Since I was now left with 12 rind-less lemons, I decided to use the fruit to stuff a whole chicken that I planned to roast. The roasted chicken had only a mild hint of lemon, but the acidity from the juice helped to tenderize the chicken and make it moist. However, the same lemon added to the fresh stock, made with the giblets, was one of the tastiest I’ve had. The tartness of the lemon offset the fat, making the stock light and aromatic. The lemon brightened up a winter dish, and we used the moist meat the next day for a light summer salad.

That feeling of lightness carried through to the delicate lemon snow pudding. I was inspired by the clever use of separating both the eggs (yolk and white) and lemons (juice and zest), and how both separate parts came together harmoniously in the final dish. The egg white meringue and the lemon juice formed an airy base, while the yolk and lemon rind in the custard rounded off the silky flavors in this lemon meringue-like pudding.

Roast Chicken with Lemon

Whole chicken – 1, (4 lb)

Lemon – 1

Fresh herbs (oregano, sage) – 1-2 sprigs

Butter – 1 tbsp

Salt and pepper – 1 tbsp. each

Oven temperature 375°F

  • Remove the chicken giblets (in a plastic bag) from the cavity of the chicken and wash the chicken well.
  • Pat the chicken dry with paper towels.
  • Slice the lemon into half and squeeze out the juice. Reserve.
  • Mix the butter, herbs, salt, and pepper together. Spread the mixture over the chicken.
  • Put the squeezed lemon half into the cavity of the chicken.
  • Bake for 80 minutes, (20 minutes per pound) in total, with the final 20 minutes at 425°F for a golden skin. Check with a meat thermometer to see it has reached an internal temperature of 170°F.

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Lemon Snow Pudding with Custard

Egg white – 1

Sugar – 1 tbsp

Lime – ½

Gelatin (unflavored) – 1 tsp

Lemon yellow food color – optional

  • Fill a large pan with water.
  • Mix the lime, sugar, and gelatin with one tablespoon of water in a saucepan that will fit in the large pan. Place it in the large pan.
  • Bring the water to a rolling boil, while continuously stirring the mixture in the smaller pan.
  • Once all the sugar and gelatin have dissolved, remove from heat. Cool.
  • Whisk the egg white in a bowl, either with a fork or an electric whisk. Continue until it becomes firm. Tip: when you tilt the bowl, the egg white should not slip out.
  • Add the cooled lemon mixture, whisking it carefully, into the egg white mixture.
  • Add a drop of the yellow coloring.
  • Refrigerate until ready to be served with custard.

For the Custard

Egg yolk – 1

Milk – 1 cup, warmed

Sugar – 1 tbsp.

  • Boil water in a larger pan.
  • Whisk the egg yolk in another pan.
  • Add sugar and warmed milk to the yolk. Mix.
  • Place the egg mixture pan in the larger pan. Stir continuously. This method, where the heat is not in direct contact with the ingredients, is called double boiling and prevents the egg mixture from curdling. In about 5-6 minutes, the mixture thickens. Tip: dip a metal spoon into the mixture. Run a finger on the back of the spoon.  If it leaves a mark, then the custard is ready.
  • Cool the custard.
  • Scrape zests into the custard.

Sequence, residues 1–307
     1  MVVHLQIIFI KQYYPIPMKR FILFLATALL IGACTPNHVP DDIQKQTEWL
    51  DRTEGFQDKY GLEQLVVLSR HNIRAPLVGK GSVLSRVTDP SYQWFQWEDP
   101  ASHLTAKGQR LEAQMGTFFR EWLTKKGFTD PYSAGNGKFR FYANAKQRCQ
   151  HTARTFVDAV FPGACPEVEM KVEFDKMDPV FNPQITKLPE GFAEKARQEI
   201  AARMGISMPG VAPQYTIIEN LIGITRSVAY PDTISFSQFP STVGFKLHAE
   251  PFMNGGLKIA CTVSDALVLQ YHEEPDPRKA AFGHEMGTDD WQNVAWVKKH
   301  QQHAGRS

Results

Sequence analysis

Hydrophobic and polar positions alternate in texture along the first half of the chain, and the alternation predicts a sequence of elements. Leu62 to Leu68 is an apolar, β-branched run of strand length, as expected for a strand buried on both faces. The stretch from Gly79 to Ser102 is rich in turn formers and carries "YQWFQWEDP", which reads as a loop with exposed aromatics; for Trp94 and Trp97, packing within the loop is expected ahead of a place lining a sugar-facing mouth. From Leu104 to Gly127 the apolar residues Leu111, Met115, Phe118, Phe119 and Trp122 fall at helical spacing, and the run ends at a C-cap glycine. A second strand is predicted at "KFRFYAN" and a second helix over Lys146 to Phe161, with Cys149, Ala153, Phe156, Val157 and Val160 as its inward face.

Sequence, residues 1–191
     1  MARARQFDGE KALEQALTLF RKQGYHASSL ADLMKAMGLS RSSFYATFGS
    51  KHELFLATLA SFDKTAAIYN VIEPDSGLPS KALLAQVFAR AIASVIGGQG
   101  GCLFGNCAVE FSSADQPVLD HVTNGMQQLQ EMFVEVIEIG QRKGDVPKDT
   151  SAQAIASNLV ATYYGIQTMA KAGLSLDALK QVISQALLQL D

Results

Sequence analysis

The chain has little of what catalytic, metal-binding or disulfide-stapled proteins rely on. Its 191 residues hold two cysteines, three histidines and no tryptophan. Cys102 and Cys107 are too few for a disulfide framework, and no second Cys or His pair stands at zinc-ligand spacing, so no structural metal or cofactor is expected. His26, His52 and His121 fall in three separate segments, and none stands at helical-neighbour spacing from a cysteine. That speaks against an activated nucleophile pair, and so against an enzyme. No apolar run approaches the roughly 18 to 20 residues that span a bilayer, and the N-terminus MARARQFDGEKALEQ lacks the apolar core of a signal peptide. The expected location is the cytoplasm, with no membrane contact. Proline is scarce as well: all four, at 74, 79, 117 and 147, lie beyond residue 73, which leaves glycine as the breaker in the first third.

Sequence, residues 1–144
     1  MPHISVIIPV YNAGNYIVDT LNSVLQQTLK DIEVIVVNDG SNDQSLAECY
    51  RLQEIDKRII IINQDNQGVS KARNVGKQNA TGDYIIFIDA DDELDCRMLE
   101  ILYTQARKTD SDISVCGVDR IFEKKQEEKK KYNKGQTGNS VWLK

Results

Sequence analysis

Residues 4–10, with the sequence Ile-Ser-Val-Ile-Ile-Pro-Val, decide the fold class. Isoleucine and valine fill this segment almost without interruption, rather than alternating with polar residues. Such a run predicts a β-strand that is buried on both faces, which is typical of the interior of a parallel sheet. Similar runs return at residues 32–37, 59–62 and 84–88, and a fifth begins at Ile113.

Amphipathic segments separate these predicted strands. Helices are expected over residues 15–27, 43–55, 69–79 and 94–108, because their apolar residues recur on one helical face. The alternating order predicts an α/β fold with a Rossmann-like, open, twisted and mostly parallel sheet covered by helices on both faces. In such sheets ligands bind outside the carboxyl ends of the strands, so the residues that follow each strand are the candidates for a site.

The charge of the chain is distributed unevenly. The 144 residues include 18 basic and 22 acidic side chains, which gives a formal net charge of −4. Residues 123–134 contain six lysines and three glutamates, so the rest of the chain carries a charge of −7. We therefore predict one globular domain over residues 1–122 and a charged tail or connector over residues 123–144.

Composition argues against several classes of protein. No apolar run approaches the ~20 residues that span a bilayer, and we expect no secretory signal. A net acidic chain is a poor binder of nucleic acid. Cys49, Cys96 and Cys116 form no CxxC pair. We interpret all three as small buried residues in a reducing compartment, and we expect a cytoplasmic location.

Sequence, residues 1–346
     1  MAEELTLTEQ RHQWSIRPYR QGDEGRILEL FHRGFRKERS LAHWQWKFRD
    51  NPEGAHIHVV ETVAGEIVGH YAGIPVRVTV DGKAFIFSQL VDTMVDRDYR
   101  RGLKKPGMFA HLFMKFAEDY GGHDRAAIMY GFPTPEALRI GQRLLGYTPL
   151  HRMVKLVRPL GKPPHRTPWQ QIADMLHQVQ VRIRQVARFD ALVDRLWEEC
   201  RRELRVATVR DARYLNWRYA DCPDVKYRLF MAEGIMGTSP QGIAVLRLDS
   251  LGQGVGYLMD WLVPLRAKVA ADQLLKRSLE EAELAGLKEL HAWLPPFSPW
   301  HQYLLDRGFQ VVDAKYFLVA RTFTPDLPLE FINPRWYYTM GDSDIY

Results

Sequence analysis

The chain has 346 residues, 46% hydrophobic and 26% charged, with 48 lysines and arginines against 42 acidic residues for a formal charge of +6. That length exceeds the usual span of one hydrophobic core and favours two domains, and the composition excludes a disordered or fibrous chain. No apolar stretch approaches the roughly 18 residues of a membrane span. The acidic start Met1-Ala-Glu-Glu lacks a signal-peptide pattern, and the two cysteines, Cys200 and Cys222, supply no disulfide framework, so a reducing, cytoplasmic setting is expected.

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Aperol Spritz in August

Strolling through cobbled streets in Rome and Naples this summer, I spotted bright red glasses on café tables. The color wasn’t a deep Chianti red, but more like the orange hue of a nine-o-clock sunset. I soon learned this refreshing aperitif, Aperol Spritz, is made with Prosecco, soda, and Aperol bitters. Recently at a restaurant near home, I was reminded of both my vacation and the popularity of aperitifs, as patrons at the table next to me ordered several rounds of Aperol Spritz.

An aperitif is drunk before a meal to stimulate the appetite (just as the digestif is had after a meal to aid digestion). Aperitifs are made either from fortified wine or from bitters (alcohol steeped with bitter orange peels, anise herb and spices). The intense flavor of bitters is tempered with Prosecco and soda. Aperitifs are usually served with mixed nuts, olives, chips, or tapas.

Alcoholic and nonalcoholic aperitifs exist in many cultures: In my travels, I have enjoyed English Pimm’s and Greek ouzo, and I also grew up with two non-alcoholic Indian versions made with cumin, jaljeera and jeera vellum. Jeera vellum is served before the spiced cardamom-scented meat biryani; like the early aperitifs, its original role is medicinal. (Some earlier aperitifs, such as vermouth, started out as a way to disguise the taste of quinine.) With clever marketing, they started popping up in local bars and high-end restaurants.

My two Aperol bottles, brought back from vacation, lasted for several parties this summer. I served the Spritz with a caramelized onion cream cheese dip and vegetables as well as an eggplant pate with toasted bread – creamy foods that absorb the alcohol! I made the watermelon spritz for those who wanted a non-alcoholic aperitif.

Cheers!

Aperol Spritz
Prosecco (4 parts): Soda (1 part): Aperol (1 part).
Mix and serve.

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Jeera Vellum
Boiling water (5 cups) : Cumin seeds (2 ½ tbsp).
Steep for 7 minutes. Serve warm.

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Watermelon Spritz
Strained juice of half a watermelon: Soda (½ cup) : Fresh lime juice (2 tbsp) : Sugar (1 tbsp) : Ice (1 cup). Mix and serve.